Scoop up 用铲子铲
Vessel n. 船，舰
Seaweek is a time when researchers try to highlight some of the biggest issues affecting our oceans. But did you know that we’re actually more familiar with the surface of Venus than the deepest parts of our oceans? There is one group trying to change that though.
NIC MAHER, REPORTING: Being an explorer these days sure isn’t what it used to be.
Nic: Okay so what do you think is past those trees over there?
Matt: I don’t think anyone’s ever been there before.
Amelia: Guys, you realise we can just check Maps. Yep, just more trees.
Nic: Oh. Do you want to grab lunch?
Amelia: So is there anywhere we can actually explore?
Nic: Well, there is one place. It’s deep, dark and full of alien life.
It’s the ocean! And while there aren’t any aliens down there, some of the stuff sure does look weird. Although the ocean covers around 70% of our planet, a whopping 95% of the ocean floor is still unexplored. In fact, we’ve got a better idea of what’s on the surface of the Moon, Mars and even Venus.
It’s something the Ocean Exploration Trust wants to change. The organisation was set up in 2008 to explore previously uncharted territory underwater, discovering new species and unravelling the secrets of the deep. And there are definitely a lot of them.
Aside from being home to more than half of all life on earth, the ocean is also the world’s biggest museum. It’s estimated around 3 million shipwrecks are down there, as well as more historical artefacts than every museum on earth put together!
Some experts reckon if you scooped up all the sunken treasure you’d pocket about $80 billion dollars. So, why aren’t more people scoping out the ocean floor for some of that sweet treasure? Well, it’s incredibly difficult to get to.
The Ocean is actually split up into 3 zones. The first is the Sunlight Zone. That’s where a lot of the most well-known fish live and is about as far down as most humans can go. At 200 metres, you reach the Twilight Zone, where light starts to disappear. At more than 1000 metres down, sunlight disappears completely. This is the Midnight Zone. It’s a cold, dark place that we still don’t know much about. It’s also where huge, freaky sea life starts appearing, like the giant squid. But it’s still not even close to the bottom in most places on earth. The lowest point is a whopping 11,000 metres down. That’s about the same depth as stacking 36 Eiffel towers on top of each other. That place is called Challenger Deep in the Mariana Trench.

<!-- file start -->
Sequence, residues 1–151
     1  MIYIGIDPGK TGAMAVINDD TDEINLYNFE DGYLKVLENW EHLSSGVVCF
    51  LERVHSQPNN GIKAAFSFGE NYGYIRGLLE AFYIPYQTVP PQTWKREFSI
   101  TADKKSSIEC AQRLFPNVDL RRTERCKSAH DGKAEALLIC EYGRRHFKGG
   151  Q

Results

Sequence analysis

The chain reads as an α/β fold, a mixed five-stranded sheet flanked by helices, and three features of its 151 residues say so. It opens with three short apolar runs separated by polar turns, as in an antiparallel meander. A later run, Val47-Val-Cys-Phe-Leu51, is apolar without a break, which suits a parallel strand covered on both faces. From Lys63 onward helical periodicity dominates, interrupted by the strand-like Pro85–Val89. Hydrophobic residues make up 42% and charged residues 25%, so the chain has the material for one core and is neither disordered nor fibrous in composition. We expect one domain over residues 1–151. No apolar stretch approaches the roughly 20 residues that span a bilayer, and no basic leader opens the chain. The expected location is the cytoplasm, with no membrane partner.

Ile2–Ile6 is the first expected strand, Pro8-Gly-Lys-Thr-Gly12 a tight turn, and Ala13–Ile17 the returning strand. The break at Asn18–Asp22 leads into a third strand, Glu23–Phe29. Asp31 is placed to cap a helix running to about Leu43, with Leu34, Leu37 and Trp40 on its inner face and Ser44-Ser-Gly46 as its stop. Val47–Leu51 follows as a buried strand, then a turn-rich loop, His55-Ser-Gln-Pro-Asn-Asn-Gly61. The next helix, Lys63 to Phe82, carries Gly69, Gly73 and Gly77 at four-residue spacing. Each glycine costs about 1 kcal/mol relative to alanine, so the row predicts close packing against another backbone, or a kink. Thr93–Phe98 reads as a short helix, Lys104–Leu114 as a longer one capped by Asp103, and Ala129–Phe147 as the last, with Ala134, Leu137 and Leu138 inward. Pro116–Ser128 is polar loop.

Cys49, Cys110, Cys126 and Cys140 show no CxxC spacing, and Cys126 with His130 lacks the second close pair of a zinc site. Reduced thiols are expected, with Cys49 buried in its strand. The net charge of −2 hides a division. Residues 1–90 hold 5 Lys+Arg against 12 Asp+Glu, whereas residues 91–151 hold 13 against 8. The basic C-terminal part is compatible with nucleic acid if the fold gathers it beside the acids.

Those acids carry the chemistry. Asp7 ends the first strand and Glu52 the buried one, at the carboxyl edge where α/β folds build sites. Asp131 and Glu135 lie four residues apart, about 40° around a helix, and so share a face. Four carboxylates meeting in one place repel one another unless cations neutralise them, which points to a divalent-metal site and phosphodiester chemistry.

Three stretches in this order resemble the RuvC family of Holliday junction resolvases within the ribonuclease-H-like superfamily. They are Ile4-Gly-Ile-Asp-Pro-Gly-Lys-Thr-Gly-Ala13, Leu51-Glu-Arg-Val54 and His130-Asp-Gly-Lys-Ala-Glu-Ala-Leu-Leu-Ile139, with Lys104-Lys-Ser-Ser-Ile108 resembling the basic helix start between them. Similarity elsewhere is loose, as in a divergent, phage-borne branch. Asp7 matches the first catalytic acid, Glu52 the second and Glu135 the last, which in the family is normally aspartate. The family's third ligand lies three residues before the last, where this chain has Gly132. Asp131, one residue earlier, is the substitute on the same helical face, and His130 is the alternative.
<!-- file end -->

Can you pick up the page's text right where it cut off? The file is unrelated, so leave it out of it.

To get a glimpse of this weird undersea world, the Ocean Exploration Trust, or OET, has to use special deep sea exploration vessels that are strong enough to deal with the enormous pressure that comes from having kilometres of water on top of you. With those special subs, the OET has discovered some amazing things. Everything from shipwrecks to breathtaking sea life.
The organisation hopes their work will inspire a new generation of budding researchers, all while helping unravel some of the final mysteries still hiding right here on planet earth.
Nic: Alright we ready to go exploring?
Amelia: Yep, OK. Wait, does anyone have a million dollar submarine?
Nic: Ah nuts, I think we blew all our money on the sushi.